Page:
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Titlesort ascending Citation Alternate Citation Summary Type
Winkler v. Colorado Dept. of Health 564 P.2d 107 (Colo. 1977) 193 Colo. 170 (1977)

In 1974, the Colorado Department of Health adopted certain regulations, the conceded effect of which is to prohibit importation of pets for resale from states whose licensing laws and regulations for commercial pet dealers are not as stringent as those of Colorado. The regulations exempt from this prohibition persons who import pets not for resale and exclusively for breeding purposes or for personal use. After the regulations were upheld by the Denver district court, the plaintiffs, who are commercial pet importers, brought this appeal. The court found these arguments to be unpersuasive and, accordingly, affirmed the judgment of the trial court.

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U.S. v. Felts (unpublished) Slip Copy, 2012 WL 124390 (N.D.Iowa)

Defendant kennel operator was found to violate the AWA on multiple occasions when inspected by APHIS representatives. From 2005 to 2009, defendant repeatedly failed inspections where APHIS found that he provided inadequate veterinary care, did not maintain complete records on the dogs, and did not properly maintain the housing facilities for the dogs. The Administrator of APHIS filed and served on Defendant an administrative complaint for violations. Defendant never filed an answer, and so a Default Decision and Order was entered against Defendant. The Plaintiff's Motion for Summary Judgment was granted in part because Defendant failed to file an answer to the administrative complaint, and so was deemed to have admitted the allegations in the complaint.

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The South African Predator Breeders Association v. The Minister of Environmental Affairs and Tourism South African Predator Breeders Association and Others v Minister of Environmental Affairs and Tourism (1900/2007) [2009] ZAFSHC 68 (11 June 2009) This application is about the validity of regulations designed to regulate the hunting of lions that were bred in captivity. Case
State v. Warren 439 P.3d 357 (Mt. 2019) 2019 MT 49; 395 Mont. 15; 2019 WL 926113 (Mt. 2019) Cathie Iris Warren was convicted of three felony counts of aggravated animal cruelty, five felony counts of aggravated cruelty, and a misdemeanor cruelty to animals count. Warren appealed contending that the district court erred by denying Warren’s motion to suppress evidence obtained in a warrantless search of her commercial kennel property, denying Warren’s Baston challenge, and in imposing costs to be reimbursed by Warren under Montana law. Cathie Iris Warren operated a kennel on her residential property in Libby, Montana. Warren obtained her initial license to operate her business in 2013. In 2016 it was discovered that Warren was operating her kennel despite the fact that her business license had expired in October of 2015. In order to obtain a new license, Warren needed to have an inspection of her property. Warren ended up having three separate inspections of her property. After each inspection, Warren had failed to meet the requirements. The members of the Health Department who were involved in the inspections became concerned that the animals were not being adequately cared for and were not of good health. Warren could not provide appropriate vaccination records for all of her animals. A search warrant was executed on Warren’s property on August 2, 2016. Warren’s animals were seized the same day. Warren moved to suppress the evidence that was obtained arguing that a warrant was required for each inspection that had been conducted on her property. The court concluded that there was no search because Warren did not have an expectation of privacy in her commercial kennel operation that society would consider objectively reasonable. The trial court convicted Warren and found that Warren owed statutorily-imposed costs, including veterinary care, food and supplies, excess hours worked by county employees, and travel costs as well as the shelter’s lost revenue. Warren appealed her conviction and sentence. The Supreme Court of Montana found that Warren treated parts of her home as part of her kennel, therefore, those areas of her home that were searched were considered commercial property which is subject to a less significant expectation of privacy. The Court concluded that the administrative inspection fell within the applicable warrant exception, was reasonable, and did not require a search warrant. Warren also challenged the State’s peremptory challenge of a minority juror (Baston Challenge). The Court concluded that the District Court reached the right conclusion on the Baston challenge but for the wrong reason. Warren’s third challenge was whether the District Court erred in calculating the statutory costs owed by Warren. The Court found that the costs approved by the District Court were reasonably supported by the evidence. The Court ultimately affirmed the judgment of the District Court. Case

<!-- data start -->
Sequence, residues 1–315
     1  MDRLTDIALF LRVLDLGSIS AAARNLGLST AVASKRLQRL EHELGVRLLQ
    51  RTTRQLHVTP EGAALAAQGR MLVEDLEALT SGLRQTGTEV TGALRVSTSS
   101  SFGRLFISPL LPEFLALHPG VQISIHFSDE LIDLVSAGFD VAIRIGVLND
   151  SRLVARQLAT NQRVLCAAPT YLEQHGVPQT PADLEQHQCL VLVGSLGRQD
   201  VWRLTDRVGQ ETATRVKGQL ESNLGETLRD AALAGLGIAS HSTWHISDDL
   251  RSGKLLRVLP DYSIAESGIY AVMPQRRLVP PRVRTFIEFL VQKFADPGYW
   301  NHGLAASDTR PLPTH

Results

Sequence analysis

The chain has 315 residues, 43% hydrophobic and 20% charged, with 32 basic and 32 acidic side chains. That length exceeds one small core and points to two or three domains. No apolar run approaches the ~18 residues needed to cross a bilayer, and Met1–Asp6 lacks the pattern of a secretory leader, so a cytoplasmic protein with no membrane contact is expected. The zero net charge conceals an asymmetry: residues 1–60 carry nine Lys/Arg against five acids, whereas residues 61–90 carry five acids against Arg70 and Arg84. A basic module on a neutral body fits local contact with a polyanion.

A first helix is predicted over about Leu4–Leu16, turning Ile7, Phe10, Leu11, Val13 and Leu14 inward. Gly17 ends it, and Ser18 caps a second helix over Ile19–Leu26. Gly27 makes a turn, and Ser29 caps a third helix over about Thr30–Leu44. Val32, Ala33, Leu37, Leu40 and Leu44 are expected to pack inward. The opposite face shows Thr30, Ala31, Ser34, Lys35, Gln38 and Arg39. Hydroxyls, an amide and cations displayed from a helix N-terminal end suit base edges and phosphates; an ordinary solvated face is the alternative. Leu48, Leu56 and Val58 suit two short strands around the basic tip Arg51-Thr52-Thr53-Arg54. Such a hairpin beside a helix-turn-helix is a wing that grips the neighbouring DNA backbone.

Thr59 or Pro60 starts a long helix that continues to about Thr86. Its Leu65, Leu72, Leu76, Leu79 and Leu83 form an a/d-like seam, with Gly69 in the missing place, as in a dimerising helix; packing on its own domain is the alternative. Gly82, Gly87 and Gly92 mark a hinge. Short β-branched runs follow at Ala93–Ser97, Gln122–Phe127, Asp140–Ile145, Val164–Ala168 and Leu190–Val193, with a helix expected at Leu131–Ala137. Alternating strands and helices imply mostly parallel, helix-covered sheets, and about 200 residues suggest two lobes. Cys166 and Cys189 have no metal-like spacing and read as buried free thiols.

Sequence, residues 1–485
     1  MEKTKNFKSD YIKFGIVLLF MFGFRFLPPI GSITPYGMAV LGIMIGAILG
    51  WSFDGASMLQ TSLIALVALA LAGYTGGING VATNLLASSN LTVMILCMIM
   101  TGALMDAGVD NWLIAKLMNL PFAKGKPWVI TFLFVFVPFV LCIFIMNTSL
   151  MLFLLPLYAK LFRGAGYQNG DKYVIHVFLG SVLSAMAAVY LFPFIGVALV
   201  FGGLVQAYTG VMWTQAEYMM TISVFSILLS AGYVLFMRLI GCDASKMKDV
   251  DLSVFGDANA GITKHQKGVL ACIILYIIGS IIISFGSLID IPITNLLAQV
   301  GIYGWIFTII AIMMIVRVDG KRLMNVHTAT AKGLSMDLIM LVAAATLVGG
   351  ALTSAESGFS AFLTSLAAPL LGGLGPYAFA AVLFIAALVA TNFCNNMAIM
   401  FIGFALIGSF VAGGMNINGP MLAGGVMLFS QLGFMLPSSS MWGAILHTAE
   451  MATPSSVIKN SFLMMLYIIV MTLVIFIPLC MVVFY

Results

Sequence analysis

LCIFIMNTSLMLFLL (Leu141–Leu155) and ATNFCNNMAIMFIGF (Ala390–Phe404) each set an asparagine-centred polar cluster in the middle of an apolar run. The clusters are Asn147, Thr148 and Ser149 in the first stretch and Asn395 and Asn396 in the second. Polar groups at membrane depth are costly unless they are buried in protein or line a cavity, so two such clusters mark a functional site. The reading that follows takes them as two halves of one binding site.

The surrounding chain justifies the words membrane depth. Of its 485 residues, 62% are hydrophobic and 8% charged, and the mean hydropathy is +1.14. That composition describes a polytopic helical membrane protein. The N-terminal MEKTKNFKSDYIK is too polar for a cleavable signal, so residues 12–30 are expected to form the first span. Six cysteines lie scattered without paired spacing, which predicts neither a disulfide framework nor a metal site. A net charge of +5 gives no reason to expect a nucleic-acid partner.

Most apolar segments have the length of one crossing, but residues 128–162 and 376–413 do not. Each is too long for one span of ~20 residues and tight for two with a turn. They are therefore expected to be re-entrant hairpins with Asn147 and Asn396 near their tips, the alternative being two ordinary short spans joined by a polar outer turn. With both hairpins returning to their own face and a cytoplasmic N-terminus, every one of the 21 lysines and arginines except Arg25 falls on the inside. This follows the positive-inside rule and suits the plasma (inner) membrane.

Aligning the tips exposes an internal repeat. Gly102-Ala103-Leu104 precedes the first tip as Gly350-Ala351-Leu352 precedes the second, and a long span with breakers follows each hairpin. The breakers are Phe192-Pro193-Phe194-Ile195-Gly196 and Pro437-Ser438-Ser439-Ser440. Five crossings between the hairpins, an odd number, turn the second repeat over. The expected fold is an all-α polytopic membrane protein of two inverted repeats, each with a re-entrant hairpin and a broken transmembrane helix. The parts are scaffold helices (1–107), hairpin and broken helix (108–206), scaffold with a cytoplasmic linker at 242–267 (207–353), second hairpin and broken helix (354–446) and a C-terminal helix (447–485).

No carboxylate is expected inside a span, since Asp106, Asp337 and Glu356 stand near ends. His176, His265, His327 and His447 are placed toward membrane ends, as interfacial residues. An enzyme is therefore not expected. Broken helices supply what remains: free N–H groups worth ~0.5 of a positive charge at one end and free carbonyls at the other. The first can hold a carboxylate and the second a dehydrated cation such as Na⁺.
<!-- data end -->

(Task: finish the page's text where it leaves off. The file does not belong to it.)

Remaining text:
State v. Siliski Slip Copy, 2006 WL 1931814 (Tenn.Crim.App.)

In this Tennessee case, the defendant, Jennifer Siliski, was convicted of nine counts of misdemeanor animal cruelty. Williamson County Animal Control took custody of over two hundred animals forfeited by the defendant as a result of her criminal charges and convictions. Third parties claiming ownership of some of the animals appeared before the trial court and asked for the return of their animals. This appeal arises from third parties claiming that they were denied due process by the manner in which the trial court conducted the hearing regarding ownership of the animals and that the trial court erred in denying their property claims. The appellate court concluded that the trial court did not have jurisdiction in the criminal case to dispose of the claims, and reversed the judgment.

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State v. Siliski 238 S.W.3d 338 (Tenn.Crim.App., 2007) 2007 WL 1425479 (Tenn.Crim.App.)